My thoughts on this holiday are kind of complicated. I really like the idea of an adult party, of dressing up, and of having a night festival. I like the origins, and I think dressing as something that scares you can be very empowering. I always think of our ancestors, and how early costumes or ceremonial wear might have been the skins of large predators, worn as a reassuring reminder of our sharp pointy tools or to channel some of that fierce spirit for ourselves.
I think the adult Hallowe'en thing started with a parade in the 1970s, in New York's Greenwich Village. It was also the de facto gay district, and expressive, over the top costumes became part of the culture. In recent years there have been serious efforts to control crowds in San Francisco's Castro District during Hallowe'en, because the garbage pickup and destruction to the neighborhood are immense, and because it's often packed so shoulder-to-shoulder that it's really dangerous.
I think the explosion of Sexy [Noun] costumes started more recently though, maybe the early aughts, because I remember being a college student (the first time!) and thinking, "There sure are a lot of scantily-clad people around this year." and "... is that a sexy [random thing]??"
So, complicated. On one hand, I hope it goes without saying that I believe every woman should dress in as much or as little as she wishes, and have the safety to go anywhere at any hour without harassment. Do I believe all women, regardless of age and body type, should rock their figures however they wish? Yes. Do I, as an obsessive-compulsive woman who also wears costume elements in her everyday clothing, get disproportionately irritated by nominal "costumes" that clearly put scanty first and any creative thought of dressing up dead last? Yes.
So on Hallowe'en night each year, the bus that runs in front of my school picks up two dozen young women tottering in new 6" heels and well-worn mismatched bras and panties. They may have some random accessories like a plastic cocktail sword or piece of cloth tied to head. And then this line of questioning starts playing in my mind.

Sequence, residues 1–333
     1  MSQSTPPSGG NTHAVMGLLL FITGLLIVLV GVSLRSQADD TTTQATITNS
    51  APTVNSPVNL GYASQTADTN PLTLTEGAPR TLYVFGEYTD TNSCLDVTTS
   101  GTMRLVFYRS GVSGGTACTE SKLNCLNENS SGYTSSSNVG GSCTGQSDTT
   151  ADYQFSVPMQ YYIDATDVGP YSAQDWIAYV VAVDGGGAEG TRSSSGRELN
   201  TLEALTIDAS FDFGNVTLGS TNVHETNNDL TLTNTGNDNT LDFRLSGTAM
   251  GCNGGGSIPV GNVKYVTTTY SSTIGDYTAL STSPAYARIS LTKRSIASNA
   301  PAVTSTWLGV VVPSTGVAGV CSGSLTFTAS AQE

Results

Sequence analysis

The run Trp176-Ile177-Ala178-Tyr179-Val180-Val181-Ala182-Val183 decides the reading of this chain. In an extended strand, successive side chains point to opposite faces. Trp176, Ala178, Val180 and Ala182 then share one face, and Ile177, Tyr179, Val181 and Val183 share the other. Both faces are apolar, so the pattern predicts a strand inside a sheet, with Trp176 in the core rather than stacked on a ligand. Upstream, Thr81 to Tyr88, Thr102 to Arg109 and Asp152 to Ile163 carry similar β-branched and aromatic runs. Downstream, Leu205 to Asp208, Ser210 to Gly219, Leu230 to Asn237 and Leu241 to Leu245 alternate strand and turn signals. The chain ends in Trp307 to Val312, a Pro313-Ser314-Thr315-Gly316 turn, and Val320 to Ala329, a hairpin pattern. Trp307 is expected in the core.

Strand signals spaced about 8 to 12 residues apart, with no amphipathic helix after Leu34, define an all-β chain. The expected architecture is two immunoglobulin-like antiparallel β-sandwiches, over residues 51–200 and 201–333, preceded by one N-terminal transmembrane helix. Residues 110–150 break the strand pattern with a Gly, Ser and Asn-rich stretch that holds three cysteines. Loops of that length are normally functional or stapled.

Should you feel free to attend a party in your underwear? Yes!
Does your everyday underwear constitute a costume? Probably not!
Why was money spent on shoes of the most illogical make possible in a city where you have to walk everywhere on hills and not on anything else?
Do you know the local thrift shop has truckloads of cool things you can get for a few dollars, that can double as conversation starters at the party you're attending, and triple as protection from the elements?
Do you have any idea how cold you're going to be later? I hope you guys will pitch in for a cab.
Where on earth are you keeping your money and IDs?
... and then the dissonance makes the single gear in my head grind to a halt, the hamster takes a nap on the treadmill, and I'm in a daze the rest of the way home.
I think the thing that keeps poking me, aside from the complete and utter disregard for creative thought, is that there's clearly a desire to go out and feel sexy and have fun, but it only comes out on a holiday in which it's considered 'acceptable'. On a holiday, you can claim a thin pretense of being in costume, to shrug off social ramifications. It's a strange double-standard in which a woman might strip to her underwear for the male gaze, and pretend it's a costume so that same male gaze doesn't decide that she's desirable, but too sexual, so y'know, a slut. And you can read anywhere in the news how the patriarchy views sluts.
Oh and don't get me started on the dearth of non-sexy Hallowe'en costumes for women out there. I want women to feel empowered and free to dress in a way that makes them feel great, whether revealing or covered up, or anywhere on the spectrum in-between. It's just I'd like the options available to reflect that spectrum, and they really don't.
Anyway, I turned the tables by making something that is a noun first, sexy second. (My sewing skills have fortunately improved since I made this.) I wore it to class last year, got my photo taken a few times, and a gal shrieked across the quad that she loves unicorns. A father even pointed out the unicorn to his delighted young son. No one wanted an explanation, or even mentioned the thong. I'm not sure if I was relieved or disappointed. (Probably disappointed. The hot pink zebracheetahleopard print means I'm wearing unicorn camo!)
I was warm, though!
Mane/tail - thrifted scarf
Velvet hoodie and pants - thrifted
Unicorn horn - etsy The Thorn and Rose
Thong - Target